Henry Barnard Wesselman (born 1941) is an American anthropologist known primarily for his Spiritwalker trilogy of spiritual memoirs. In them, he claims to have been in contact with "Nainoa", an ethnic Hawaiian kahuna (shaman) living some 5,000 years in our future. The books envision the imminent collapse of Western civilization as a result of Global Warming. On a more positive note, Wesselman perceives an ongoing "wide-spread spiritual reawakening" which he dubs the "Modern Mystical Movement."
Together with his wife Jill Kuykendall, Wesselman leads shamanic training workshops for the Omega Institute and other, similar institutions. They divide their time between northern California, Oregon, and Captain Cook, Hawaii.
Wesselman is a native New Yorker who received his undergraduate degree in zoology from the University of Colorado at Boulder, and his doctorate in anthropology from the University of California at Berkeley. During the 1960s he served as a Peace Corps volunteer in Nigeria, among the Yoruba. He has participated in paleoanthropology research in east Africa's Great Rift Valley. His research speciality is involved with the reconstruction of the paleo-environments of early man sites (See Science magazine, Oct 2, 2009) and the cover story of National Geographic, July 2010.
He was an instructor at American River College and Sierra College, both in California, and has also taught classes for the University of California at San Diego; the University of Hawaii at Hilo; the Kiriji Memorial College in Igbajo, Nigeria; and Adeola Odutola College in Ijebu-ode, Nigeria. The Omega Institute Faculty.
He is the author of The Spiritwalker Trilogy—Spiritwalker 1995, Medicinemaker 1998, and Visionseeker 2001—as well as The Journey to the Sacred Garden 2003; Spirit Medicine (with Jill Kuykendall) 2004; Awakening to the Spirit World (with Sandra Ingerman), The Bowl of Light 2011, and The Re-Enchantment: A Shamanic Path to a Life of Wonder (2016)
- Describes an ongoing series of spontaneous dream-like visions beginning in the early 1980s, in which Wesselman seemed to connect with and see through the eyes of "Nainoa", a man of Hawaiian ancestry living on the western coast of what is today North America 5000 years after the collapse of the "Great Age" of technology. Nainoa, a member of a Hawaiian-based society which has re-peopled America's west coast. The series begins as Nainoa is sent into the continent's interior on a mission to seek out the descendants of the "Americans" and, if possible, find horses. On the journey, Nainoa explores his shamanic calling, learns of his relationship with Wesselman, and makes contact with the "Ennu", a tribe of hunters and gatherers descended from Canadian Innuits. The Spiritwalker trilogy explores Wesselman's struggles with what to make of these experiences, and records an extraordinary story as the anthropologist is drawn into the shaman's world of mystery and magic.
- The future California-Nevada region is depicted as including rainforest and an inland sea inundating the central valley, as well as a wide variety of exotic megafauna such as elephants, lions, longhorn cattle, and several monkey and ape species. Wesselman speculates that the ancestors of these animals may have escaped from zoos or been released from circuses during the collapse of Western civilization. Both human populations shown in the book live at a neolithic level of technology, with some metal artifacts such as knives and fishhooks.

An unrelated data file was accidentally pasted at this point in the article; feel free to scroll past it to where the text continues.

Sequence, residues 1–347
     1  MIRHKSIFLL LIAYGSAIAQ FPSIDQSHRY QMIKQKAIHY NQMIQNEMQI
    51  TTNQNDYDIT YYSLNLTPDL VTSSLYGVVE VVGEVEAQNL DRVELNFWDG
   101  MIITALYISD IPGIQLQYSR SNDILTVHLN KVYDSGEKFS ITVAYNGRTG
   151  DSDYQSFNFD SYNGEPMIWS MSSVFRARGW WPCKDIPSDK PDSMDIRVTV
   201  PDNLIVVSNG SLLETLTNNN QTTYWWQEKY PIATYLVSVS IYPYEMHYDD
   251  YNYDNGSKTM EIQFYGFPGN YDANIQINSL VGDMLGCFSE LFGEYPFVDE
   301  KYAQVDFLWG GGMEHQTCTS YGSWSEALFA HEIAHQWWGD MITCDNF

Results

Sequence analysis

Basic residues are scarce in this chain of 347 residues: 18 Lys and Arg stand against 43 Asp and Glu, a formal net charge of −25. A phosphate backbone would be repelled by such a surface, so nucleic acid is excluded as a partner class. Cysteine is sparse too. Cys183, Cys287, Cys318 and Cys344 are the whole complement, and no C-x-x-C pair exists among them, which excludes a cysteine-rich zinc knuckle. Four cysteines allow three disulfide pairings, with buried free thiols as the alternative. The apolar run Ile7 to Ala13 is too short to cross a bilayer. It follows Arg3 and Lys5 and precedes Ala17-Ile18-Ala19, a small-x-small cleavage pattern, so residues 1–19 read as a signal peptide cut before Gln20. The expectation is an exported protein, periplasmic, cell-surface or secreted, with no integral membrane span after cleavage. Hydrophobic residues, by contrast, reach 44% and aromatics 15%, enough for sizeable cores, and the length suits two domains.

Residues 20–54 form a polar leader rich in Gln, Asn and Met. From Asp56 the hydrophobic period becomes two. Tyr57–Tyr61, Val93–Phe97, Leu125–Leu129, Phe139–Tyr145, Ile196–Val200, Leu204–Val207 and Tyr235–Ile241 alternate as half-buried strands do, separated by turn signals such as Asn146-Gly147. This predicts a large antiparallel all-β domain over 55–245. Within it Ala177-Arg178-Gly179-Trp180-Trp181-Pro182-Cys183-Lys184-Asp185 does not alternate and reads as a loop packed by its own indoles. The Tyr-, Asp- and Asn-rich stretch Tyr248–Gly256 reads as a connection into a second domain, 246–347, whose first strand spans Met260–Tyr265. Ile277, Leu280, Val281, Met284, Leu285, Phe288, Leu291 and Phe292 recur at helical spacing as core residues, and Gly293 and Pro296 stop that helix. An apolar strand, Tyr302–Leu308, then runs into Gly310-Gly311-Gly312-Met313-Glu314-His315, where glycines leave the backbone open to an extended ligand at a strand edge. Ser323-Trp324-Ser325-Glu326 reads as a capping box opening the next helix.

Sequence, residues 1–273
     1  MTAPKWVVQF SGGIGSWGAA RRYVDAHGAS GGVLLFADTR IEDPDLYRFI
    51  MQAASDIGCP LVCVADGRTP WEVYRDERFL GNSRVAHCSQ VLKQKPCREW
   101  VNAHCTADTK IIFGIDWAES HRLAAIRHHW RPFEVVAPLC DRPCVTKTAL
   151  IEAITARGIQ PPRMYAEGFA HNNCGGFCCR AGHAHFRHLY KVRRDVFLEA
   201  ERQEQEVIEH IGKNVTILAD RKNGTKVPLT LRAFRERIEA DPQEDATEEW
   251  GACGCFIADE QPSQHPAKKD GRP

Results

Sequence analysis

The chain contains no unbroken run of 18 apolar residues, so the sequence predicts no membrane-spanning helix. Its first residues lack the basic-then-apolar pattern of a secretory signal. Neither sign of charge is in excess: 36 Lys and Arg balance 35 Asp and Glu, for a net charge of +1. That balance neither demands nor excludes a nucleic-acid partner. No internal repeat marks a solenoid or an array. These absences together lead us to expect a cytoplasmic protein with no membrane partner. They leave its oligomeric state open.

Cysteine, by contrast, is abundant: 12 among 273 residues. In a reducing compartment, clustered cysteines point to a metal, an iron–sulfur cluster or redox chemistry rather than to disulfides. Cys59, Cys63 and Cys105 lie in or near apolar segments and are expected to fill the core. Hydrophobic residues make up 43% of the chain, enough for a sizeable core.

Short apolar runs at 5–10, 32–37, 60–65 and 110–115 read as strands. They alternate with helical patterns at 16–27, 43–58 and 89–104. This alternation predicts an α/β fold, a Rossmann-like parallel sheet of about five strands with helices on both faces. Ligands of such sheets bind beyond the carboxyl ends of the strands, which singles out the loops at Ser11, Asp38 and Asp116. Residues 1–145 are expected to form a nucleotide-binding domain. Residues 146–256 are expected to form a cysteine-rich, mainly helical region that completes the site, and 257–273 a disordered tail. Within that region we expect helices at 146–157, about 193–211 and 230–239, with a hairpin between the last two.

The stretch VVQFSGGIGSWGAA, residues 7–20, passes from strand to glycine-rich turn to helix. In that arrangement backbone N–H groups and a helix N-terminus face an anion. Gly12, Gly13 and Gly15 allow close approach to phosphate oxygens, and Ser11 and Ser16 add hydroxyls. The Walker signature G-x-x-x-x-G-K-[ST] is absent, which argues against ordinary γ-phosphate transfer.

- The sequel books (below) are often compared with the writings of Carlos Castaneda, and reference the work of Michael Harner. Besides Nainoa's future world, Wesselman describes various spiritual experiences, including cosmological visions as well as encounters with spirit beings. (See magical realism.)
Spiritwalker has been published in 15 languages abroad.
- Continues the story with Wesselman's 1989 return to academic life in California, and Nainoa's c. 70th-century return from the American interior, back to his own society and homeland. There he studies to become a kahuna; makes an enemy in one of the other priests; and meets a love interest, the spiritually-aware Maraea (possibly a descendant of Wesselman's wife, or perhaps of them both). Nainoa inadvertently kills the enemy by calling upon "spotted tiger man", a spirit familiar--identified with a "leopard man" which Wesselman had encountered and painted.
- Continues Wesselman's story from 1995 to 2000 around a series of eight visions, which Wesselman and Nainoa gradually come to experience together. A key concept is that of the dorajuadiok, a powerful spirit-being which Wesselman describes as a minded "energy field". Much attention is given to Wesselman's exploration of neo-shamanism and other spiritual interests. At one point he learns that his father had experienced similar time-shifts, and was convinced that he had been a seventeenth-century French swordsman.
- "Meanwhile", in the far future, Nainoa marries Maraea. Thanks to Maraea's political connections (her grandmother is a "governor"), he is assigned the task of starting a new colony on the eastern shore of their inland sea (i.e., a future, inundated version of California's central valley), with the ultimate goal of building a road which will allow the importation of horses from the Ennu land in the interior.
- This volume contains several references to Jesus, including a visionary experience of him by Wesselman. During his training as a kahuna, Nainoa is taught a shamanistic version of the Lord's Prayer which his teacher attributes to the ancient "Americans."
- The Omo Micromammals: Systematics and Paleoecology of Early Man Sites from Ethiopia—December 1984